Sharia funding for milling

Posted on 3 Nov 2010 by The Manufacturer

A brand new, UK-built, ultra-fine milling technology launched in Gateshead on October 21 was financed with a sukuk financial instrument – a type of Islamic bond – which is the first of its kind in the UK.

North east company International Innovative Technologies (IIT) says it is the first in the UK to use the facility which is similar to a convertible bond and respects Islamic Sharia law and its investment principles, which prohibits the charging or paying of interest.

The four year, $10m musharaka sukuk – small by international capital markets standards – was placed privately with Millennium Private Equity and regulated by Dubai Financial Services Authority. According to IIT chairman Tom Wilkinson, the agreement is based on certain performance milestones which when reached will see Millennium receive agreed equity interest. Wilkinson is confident that there is potential for other UK companies to access Islamic finance, including sukuks, as an alternative source of funding.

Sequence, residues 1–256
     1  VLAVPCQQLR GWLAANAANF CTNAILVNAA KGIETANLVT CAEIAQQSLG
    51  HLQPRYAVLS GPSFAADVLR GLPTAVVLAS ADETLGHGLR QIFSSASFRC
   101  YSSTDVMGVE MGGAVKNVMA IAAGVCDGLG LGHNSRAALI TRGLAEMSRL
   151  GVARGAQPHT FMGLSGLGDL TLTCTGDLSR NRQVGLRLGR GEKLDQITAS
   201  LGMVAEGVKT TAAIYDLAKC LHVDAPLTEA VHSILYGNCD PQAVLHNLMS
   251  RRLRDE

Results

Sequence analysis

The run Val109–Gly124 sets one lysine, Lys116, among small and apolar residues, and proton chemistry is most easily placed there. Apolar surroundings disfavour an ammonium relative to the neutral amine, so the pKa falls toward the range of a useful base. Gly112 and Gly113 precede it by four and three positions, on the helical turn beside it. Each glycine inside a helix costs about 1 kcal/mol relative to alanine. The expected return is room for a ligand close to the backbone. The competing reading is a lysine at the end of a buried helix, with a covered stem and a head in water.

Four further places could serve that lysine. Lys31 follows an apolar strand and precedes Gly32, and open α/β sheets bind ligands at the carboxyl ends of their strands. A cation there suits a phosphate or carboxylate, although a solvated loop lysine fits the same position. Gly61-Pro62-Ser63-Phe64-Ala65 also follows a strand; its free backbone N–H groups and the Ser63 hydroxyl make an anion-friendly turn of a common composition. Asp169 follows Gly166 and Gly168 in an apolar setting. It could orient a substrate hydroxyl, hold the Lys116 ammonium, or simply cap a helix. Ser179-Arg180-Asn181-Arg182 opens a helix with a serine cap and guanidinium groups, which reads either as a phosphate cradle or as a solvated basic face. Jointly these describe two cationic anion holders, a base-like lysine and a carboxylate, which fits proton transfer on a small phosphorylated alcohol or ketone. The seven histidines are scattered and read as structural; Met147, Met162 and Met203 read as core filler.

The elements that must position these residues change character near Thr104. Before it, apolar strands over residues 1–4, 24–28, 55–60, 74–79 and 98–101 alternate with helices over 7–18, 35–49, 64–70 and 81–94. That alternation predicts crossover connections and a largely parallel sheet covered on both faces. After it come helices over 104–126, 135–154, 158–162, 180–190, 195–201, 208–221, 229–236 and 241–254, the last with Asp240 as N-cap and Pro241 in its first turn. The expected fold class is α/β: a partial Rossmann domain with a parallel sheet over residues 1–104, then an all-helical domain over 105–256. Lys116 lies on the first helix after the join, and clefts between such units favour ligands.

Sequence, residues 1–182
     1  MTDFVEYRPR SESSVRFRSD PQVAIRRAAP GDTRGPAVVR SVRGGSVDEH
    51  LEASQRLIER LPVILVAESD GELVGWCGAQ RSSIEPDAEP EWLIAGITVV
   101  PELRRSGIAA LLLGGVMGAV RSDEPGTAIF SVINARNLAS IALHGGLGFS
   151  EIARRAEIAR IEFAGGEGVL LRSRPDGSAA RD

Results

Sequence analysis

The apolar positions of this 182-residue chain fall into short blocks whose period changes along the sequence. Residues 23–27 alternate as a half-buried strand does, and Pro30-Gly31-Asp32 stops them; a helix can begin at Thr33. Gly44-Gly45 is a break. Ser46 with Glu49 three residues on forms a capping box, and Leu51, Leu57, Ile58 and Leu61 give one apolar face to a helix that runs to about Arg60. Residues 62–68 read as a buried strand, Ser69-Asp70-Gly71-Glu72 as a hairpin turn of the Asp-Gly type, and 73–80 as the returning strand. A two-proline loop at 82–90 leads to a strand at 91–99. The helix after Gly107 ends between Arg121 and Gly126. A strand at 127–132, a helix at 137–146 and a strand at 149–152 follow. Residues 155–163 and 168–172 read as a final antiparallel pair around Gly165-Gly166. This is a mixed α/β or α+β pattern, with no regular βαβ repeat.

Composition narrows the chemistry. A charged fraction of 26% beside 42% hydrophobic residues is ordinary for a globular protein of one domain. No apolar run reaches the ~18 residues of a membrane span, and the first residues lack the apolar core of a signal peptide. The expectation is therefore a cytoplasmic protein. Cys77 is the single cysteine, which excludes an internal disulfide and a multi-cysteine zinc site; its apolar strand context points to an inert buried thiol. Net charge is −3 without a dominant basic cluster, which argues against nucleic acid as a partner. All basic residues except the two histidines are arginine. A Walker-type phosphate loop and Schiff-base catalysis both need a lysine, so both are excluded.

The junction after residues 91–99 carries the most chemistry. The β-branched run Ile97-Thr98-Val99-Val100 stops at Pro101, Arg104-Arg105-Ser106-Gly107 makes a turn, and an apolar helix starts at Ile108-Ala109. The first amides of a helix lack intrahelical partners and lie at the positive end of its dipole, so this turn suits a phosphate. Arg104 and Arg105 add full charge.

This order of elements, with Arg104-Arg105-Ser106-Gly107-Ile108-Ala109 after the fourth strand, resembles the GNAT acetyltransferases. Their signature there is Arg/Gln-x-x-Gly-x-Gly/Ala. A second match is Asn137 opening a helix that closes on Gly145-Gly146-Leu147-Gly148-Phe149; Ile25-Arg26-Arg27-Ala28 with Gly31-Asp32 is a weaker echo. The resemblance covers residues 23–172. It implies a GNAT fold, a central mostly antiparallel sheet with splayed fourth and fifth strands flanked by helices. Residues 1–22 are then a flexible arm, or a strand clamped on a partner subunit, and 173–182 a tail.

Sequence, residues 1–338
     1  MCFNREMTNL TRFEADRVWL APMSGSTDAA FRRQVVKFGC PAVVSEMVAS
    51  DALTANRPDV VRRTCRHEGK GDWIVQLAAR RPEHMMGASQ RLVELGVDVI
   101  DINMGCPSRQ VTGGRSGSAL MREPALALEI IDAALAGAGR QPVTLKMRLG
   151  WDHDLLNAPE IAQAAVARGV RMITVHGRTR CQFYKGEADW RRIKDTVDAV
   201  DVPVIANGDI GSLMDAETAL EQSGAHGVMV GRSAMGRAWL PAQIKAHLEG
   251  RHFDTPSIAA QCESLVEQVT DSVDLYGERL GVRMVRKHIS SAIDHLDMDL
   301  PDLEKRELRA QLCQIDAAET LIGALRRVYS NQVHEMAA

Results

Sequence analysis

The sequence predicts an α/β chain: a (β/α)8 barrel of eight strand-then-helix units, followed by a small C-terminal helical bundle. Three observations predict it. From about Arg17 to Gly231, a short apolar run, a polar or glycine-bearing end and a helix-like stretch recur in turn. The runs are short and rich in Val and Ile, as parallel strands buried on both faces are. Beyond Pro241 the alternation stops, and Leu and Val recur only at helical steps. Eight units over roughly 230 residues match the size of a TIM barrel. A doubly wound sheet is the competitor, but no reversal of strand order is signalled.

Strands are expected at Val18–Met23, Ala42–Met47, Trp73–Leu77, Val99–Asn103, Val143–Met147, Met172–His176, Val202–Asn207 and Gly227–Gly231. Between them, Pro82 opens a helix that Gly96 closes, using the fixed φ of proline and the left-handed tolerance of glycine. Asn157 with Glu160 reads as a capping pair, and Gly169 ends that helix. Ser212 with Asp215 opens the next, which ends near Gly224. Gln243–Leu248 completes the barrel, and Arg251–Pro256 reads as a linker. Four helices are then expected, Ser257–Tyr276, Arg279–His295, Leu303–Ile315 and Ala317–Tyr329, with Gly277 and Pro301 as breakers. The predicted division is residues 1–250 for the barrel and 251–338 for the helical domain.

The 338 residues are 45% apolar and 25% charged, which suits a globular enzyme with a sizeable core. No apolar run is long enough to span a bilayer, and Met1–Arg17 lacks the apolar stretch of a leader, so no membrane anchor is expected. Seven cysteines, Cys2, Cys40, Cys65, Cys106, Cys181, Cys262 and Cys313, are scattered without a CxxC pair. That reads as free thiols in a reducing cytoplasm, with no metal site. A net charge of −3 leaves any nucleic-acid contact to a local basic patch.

As for the milling, the new, technically advanced, patented powder process combines low energy consumption and a compact size with a centrifugal grinding mechanism for excellent efficiency. The m-series mills can grind soft, medium and hard particles (1 to 9.5 on the Mohs scale) to 90% passing 45 microns and below with energy consumption between 5kWh/t up to 10kWh/t; considerably less than tradition milling equipment.

Aside from use in traditional markets, the m-series is versatile enough to be used for new green markets such as the recycling of glass reinforced plastic, glass and limestone.